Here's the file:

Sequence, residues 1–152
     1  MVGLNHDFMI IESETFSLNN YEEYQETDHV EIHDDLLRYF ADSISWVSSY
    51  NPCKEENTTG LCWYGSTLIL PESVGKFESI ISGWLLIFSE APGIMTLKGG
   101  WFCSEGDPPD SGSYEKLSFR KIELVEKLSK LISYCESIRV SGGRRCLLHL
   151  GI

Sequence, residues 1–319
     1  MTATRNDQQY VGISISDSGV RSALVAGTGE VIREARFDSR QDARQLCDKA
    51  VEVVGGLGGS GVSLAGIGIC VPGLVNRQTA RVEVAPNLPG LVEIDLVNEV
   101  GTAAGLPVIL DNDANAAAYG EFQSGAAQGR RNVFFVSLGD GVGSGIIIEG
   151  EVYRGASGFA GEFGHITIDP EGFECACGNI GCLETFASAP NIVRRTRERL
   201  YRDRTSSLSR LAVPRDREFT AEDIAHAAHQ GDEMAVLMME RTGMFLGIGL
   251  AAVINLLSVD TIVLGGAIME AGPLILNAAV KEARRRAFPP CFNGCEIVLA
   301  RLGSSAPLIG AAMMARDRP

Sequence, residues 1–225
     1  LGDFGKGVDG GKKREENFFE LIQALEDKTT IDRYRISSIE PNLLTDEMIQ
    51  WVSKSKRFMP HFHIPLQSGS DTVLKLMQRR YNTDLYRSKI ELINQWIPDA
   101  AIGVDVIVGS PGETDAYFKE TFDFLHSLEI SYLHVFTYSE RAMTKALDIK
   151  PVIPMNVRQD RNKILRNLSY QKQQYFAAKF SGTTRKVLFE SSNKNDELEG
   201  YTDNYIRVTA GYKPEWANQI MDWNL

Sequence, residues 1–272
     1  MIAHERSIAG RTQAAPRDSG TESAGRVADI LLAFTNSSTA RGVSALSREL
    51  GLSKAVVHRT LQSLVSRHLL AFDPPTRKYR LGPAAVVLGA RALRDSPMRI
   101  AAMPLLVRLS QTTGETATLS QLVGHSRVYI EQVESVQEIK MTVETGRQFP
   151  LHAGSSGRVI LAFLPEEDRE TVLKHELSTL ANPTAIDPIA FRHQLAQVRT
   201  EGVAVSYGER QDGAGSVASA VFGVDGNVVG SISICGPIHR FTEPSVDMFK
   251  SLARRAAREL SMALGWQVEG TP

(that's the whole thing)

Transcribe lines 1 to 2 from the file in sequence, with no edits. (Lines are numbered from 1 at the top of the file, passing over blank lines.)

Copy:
Sequence, residues 1–152
     1  MVGLNHDFMI IESETFSLNN YEEYQETDHV EIHDDLLRYF ADSISWVSSY